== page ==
Volume 15, Issue 2
  • ISSN 0924-1884
  • E-ISSN: 1569-9986
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At present, there are few attempts to provide external explanations for the patterns subsumed under the heading of ‘translation universal’. In this paper, I discuss the possible cognitive basis for the patterns/processes that have been variously referred to as simplification/generalization, normalization, standardization, sanitization, and exaggeration of target language features. The framework that I adopt is that of cognitive grammar, and my claim is that all of the above arise from the existence of asymmetries in the cognitive organization of semantic information. I also propose that the converse case is true: cases involving a lack of conspicuous cognitive asymmetries will demonstrate the opposite effect in translated text. In closing, I place the argument in a larger perspective by adopting Croft’s (1990) scalar notion of generalization in a discussion of explanation in translation studies.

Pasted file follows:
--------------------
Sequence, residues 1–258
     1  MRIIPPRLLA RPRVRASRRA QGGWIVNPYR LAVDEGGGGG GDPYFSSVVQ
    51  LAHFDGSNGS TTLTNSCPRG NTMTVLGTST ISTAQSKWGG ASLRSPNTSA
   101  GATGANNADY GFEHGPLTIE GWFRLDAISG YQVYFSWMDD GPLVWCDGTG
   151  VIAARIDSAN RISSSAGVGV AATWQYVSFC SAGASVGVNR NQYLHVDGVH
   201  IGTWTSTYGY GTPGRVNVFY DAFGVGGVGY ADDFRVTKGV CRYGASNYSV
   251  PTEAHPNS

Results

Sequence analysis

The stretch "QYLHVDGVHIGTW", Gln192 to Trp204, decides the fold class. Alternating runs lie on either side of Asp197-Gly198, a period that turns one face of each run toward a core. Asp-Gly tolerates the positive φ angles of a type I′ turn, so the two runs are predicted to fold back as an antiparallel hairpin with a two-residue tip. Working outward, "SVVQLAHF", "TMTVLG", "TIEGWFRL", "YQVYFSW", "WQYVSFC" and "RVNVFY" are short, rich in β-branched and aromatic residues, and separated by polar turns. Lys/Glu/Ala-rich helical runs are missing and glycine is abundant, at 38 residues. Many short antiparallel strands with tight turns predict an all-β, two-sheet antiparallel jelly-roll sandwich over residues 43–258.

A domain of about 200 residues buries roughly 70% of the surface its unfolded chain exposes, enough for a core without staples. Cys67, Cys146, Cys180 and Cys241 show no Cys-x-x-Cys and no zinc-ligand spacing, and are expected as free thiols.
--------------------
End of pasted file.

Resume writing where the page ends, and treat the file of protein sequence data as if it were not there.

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  • Article Type: Research Article
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